Quaker Oats: What Used to Be a Good Company

A Brief History

The Quaker Oats Company was officially formed in 1901 when several American pioneers in oat milling came together to incorporate the now familiar name. In the late 1800s, each of three Midwest milling companies had independently begun to process and sell high-quality oats for the consumer – giving the American family a product that would be superior in quality to the oats sold in open barrels at general stores. In Ravenna, Ohio, Henry D. Seymour and William Heston had established the Quaker Mill Company and registered the now famous trademark. In Cedar Rapids, Iowa, John Stuart, his son Robert and their partner, George Douglas, operated the largest cereal mill of the time. Ferdinand Schumacher, known as “The Oatmeal King,” founded German Mills American Oatmeal Company in 1856 after selling oats in his Akron, Ohio, store for two years. Combining these companies after the turn of the century brought together the top oats milling expertise in the country and gave the newly formed corporation a name that – even then – was a symbol of quality and purity.[1]

Today, Quaker Oats Company is the leading manufacturer of sports beverages, hot cereals, grain-based snacks, value-added rice products, pancake syrups, cornmeal and hominy grits. In addition, the company is the second largest manufacturer of value-added pasta products and pancake mixes and is among the four largest manufacturers of ready to eat cereals.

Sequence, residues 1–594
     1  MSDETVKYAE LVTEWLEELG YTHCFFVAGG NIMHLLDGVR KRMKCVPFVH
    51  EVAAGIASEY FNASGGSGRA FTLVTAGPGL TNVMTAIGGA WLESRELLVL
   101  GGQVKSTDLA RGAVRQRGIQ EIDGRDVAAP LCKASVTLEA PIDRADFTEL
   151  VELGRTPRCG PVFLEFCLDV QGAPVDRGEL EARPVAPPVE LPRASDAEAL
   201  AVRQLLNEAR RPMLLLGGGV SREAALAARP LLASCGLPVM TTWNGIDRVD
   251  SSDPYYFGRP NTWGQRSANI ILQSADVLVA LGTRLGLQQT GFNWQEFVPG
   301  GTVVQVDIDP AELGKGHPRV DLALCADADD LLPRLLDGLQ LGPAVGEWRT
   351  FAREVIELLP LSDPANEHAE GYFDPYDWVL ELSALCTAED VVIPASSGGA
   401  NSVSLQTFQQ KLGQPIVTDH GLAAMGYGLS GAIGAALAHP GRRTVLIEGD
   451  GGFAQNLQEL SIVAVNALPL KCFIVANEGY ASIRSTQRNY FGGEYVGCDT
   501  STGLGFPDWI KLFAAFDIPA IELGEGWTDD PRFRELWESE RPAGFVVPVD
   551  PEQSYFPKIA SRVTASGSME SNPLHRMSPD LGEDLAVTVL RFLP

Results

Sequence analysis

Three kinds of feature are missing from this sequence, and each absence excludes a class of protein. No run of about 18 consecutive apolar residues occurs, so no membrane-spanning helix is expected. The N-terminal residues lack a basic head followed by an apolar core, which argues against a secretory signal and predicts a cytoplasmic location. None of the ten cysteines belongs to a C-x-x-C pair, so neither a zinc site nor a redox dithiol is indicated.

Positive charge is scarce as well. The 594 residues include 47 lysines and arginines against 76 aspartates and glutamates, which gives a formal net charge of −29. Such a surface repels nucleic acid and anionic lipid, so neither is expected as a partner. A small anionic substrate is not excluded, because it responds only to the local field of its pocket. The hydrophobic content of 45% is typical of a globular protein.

Human Resource Planning 1990

The HR planning process used was very straightforward. It does not require a mastery of specific behavioral science or strategic planning theory. The process is represented in Figure 1.[2] Specific steps (A-E) are keyed to the chart.

A. Quaker Oats Current Status

The needs of the high-tech plastic molding plant in New York State are very different from their recently acquired orange juice processor in Florida.

B. Program Review

Adaptation of Dr. James Walker’s HR building blocks. Figure 2.

C. Corporate Business Strategies

�· The need for white-collar productivity improvements to help meet ambitious earnings growth targets in a soft economy.

�· Need for more intensive management development to meet the demands of international business that have been in a high growth mode.

�· The need to prepare for the HR aspects of rapidly developing a new business segment.

Quaker’s strategies have remained reasonably steady for years and have been met on a relatively consistent basis. Therefore, the assessment of the internal impact was relatively straightforward. A more difficult challenge is the assessment of the external environment.

D. External Environment

– Demographics – Technology